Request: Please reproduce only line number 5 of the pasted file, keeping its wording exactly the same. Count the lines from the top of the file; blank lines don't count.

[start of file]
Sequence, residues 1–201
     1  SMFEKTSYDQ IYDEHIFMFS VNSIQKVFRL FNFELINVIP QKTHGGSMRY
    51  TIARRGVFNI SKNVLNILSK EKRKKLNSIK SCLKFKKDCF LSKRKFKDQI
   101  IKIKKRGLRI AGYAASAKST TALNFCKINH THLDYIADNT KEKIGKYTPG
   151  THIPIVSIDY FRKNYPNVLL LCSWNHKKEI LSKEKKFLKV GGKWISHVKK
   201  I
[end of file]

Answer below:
   151  THIPIVSIDY FRKNYPNVLL LCSWNHKKEI LSKEKKFLKV GGKWISHVKK